I once interviewed a Cuban blogger who described the Internet as a place where Cubans (the few who were online) could experience a form of citizenship—an active, participatory democratic experience—that they couldn't have in real life. As she put it, “we are learning to be citizens in cyberspace.” Although her focus was on the particular limitations on public expression and debate in Cuba, I took her point broadly, thinking of my Internet activist colleagues who often describe themselves as being citizens or residents “of the Internet.”
As online movements have grown in scope and impact, many of us have developed a do-it-yourself, participatory sense of citizenship that is more strongly tied to a global collective than to a transactional agreement with a particular nation state. We have not only fought hard to uphold some policies and strike down others, but we've actually started to develop international standards for the exercise and protection of rights online. Countries, borders, and nationalities remain dominant and important in many ways, but they do not feel as sharply defined or as binding as before.
These two paradigms, the traditional world of nation-states and the new one of fluid borders and internauts, had a nasty collision this June, when leaked NSA documents revealed that the US government was spying on a sizable chunk of the global population. It's easy to assume that this might have happened no matter what, but the particular terms that governed the lawless, unchecked surveillance regime of the NSA cut right at the heart of this question of borders and “Internet citizenship”.
We now know that NSA spying practices hinge on an arbitrary measure of “foreignness”. Predicated on the faulty assumption that terrorists are usually foreign, authorities decided to track the communications of foreigners at large, rather than limiting their investigations to people who were actually associated with terrorist organizations.
If analysts could prove that an individual was foreign or at least bore a “51% likelihood of foreignness,” a measure based on how often they communicated with individuals outside of the country, they could spy on this person as they pleased. After all, under US law, the government is not obligated to guarantee constitutional protections to people who don't live in the US.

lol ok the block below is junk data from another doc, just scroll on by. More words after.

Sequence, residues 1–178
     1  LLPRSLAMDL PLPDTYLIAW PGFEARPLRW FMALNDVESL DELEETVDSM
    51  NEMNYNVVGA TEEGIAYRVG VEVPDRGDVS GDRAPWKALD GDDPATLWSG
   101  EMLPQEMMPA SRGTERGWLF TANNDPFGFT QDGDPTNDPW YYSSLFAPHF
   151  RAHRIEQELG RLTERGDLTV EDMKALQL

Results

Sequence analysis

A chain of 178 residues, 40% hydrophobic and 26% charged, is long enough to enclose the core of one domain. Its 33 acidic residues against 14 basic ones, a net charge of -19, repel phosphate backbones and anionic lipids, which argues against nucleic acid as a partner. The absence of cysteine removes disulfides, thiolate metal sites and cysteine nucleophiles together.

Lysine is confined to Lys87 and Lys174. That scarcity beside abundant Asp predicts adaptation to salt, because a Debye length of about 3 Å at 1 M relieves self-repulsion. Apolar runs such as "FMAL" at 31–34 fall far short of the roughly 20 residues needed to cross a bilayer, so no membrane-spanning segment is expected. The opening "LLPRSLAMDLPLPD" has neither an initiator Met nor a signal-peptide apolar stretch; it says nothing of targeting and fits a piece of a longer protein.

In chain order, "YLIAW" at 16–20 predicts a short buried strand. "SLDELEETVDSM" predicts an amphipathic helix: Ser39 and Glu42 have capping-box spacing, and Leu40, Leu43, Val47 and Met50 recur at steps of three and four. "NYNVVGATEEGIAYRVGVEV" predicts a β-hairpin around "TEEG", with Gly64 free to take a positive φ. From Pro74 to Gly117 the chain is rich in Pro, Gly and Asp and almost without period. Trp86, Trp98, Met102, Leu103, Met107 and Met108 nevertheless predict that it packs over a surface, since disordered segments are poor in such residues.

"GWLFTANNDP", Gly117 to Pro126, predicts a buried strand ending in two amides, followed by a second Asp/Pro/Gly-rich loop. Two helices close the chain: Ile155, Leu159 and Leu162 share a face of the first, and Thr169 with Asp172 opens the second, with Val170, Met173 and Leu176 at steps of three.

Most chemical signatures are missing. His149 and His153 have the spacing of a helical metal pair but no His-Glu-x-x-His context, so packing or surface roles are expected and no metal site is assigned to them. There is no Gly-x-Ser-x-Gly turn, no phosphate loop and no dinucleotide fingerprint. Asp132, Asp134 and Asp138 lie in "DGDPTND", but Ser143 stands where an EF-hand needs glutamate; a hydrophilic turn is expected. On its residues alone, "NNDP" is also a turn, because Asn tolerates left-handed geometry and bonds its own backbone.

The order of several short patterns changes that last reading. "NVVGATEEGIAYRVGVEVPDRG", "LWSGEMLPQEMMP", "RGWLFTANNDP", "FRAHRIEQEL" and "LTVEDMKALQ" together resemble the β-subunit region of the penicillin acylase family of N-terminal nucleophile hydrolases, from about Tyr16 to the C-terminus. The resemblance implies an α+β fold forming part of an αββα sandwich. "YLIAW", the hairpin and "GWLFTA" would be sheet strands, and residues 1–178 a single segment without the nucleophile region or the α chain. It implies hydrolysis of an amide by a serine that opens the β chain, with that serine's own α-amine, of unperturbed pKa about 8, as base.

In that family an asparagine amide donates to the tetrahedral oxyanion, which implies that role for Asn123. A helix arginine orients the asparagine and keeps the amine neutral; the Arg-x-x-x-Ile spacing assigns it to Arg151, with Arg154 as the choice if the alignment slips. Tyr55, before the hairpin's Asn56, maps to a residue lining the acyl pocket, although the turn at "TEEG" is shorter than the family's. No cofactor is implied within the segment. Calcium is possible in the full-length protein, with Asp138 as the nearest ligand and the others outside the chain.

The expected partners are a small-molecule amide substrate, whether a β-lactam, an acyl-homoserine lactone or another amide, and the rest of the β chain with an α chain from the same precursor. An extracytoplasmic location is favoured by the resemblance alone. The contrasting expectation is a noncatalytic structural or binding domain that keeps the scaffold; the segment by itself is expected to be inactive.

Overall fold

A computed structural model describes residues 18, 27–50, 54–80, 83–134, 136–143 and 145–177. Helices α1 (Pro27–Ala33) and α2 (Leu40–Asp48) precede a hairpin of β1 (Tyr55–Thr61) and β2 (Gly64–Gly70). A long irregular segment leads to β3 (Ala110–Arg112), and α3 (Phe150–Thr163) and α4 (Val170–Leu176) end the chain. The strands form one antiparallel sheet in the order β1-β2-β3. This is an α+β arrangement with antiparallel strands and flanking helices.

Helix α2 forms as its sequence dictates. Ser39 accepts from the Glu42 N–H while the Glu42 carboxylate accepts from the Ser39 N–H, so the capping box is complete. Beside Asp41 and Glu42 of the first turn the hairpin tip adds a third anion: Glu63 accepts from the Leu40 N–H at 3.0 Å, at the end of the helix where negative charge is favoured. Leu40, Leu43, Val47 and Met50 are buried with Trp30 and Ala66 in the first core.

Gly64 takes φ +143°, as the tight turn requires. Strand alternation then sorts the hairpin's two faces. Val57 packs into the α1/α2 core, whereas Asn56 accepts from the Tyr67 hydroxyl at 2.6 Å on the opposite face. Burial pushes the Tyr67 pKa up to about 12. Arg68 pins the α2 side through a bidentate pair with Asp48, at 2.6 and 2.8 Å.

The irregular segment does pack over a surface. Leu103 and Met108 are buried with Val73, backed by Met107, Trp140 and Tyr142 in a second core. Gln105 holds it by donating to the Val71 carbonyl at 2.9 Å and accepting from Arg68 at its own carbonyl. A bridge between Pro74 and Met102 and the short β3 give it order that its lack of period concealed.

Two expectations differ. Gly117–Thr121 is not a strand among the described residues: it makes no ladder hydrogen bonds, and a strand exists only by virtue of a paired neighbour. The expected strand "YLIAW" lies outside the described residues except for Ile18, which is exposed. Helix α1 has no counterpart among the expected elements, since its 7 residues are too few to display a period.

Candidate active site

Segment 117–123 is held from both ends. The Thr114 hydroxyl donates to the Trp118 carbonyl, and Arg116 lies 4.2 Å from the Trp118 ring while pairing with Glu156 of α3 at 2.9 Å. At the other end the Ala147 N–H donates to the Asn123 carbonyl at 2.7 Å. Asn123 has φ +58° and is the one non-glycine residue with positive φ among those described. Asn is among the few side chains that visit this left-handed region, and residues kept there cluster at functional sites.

Many advocates in the US since have focused on defending the rights of US people before this practice—over half the population of the US was deemed foreign by this standard. But the NSA's hare-brained “foreignness” measurement scheme proves that online, it is all but impossible to prioritize the rights of one group (in this case, “US people”) over those of another.
The results of this policy also prove something about the porousness of our borders. While most of us belong to at least one state, we connect to people in many countries through our daily communications and lives online. Borders are a fluid thing.
In the offline world, we accept the fact that laws and our rights vary from country to country. But online, where both social norms and technical realities have led to a more fluid reality, this is not so easy to swallow. If we continue to protect only the rights of certain people based on citizenship or some other crude measure, we will lose. We must see the borderlessness that technology has afforded us not just as a beautiful concept, but as a practical reality. The Internet is a place where we actually could try to protect everyone’s rights, equally.
In the face of these challenges, rights advocates around the world are working to assert and uphold universal human rights, a concept of which US leaders (clearly not thinking ahead) were original proponents. Arguably, there’s never been a better time to actually put this concept into action. We have at our disposal a medium that is not entirely universal, but comes closer to being so than anything else we've ever had. The Internet not only enables us to imagine this universality on a real scale — it also empowers us to do something about it.
Ellery Roberts Biddle is the editor of Global Voices Advocacy and a long-time member of the Global Voices community. She lives in San Francisco where she devotes most of her time to thinking and writing about free expression and privacy online and the politics of Internet use in Cuba. She blogs at half-wired. Follow her on Twitter at ellerybiddle.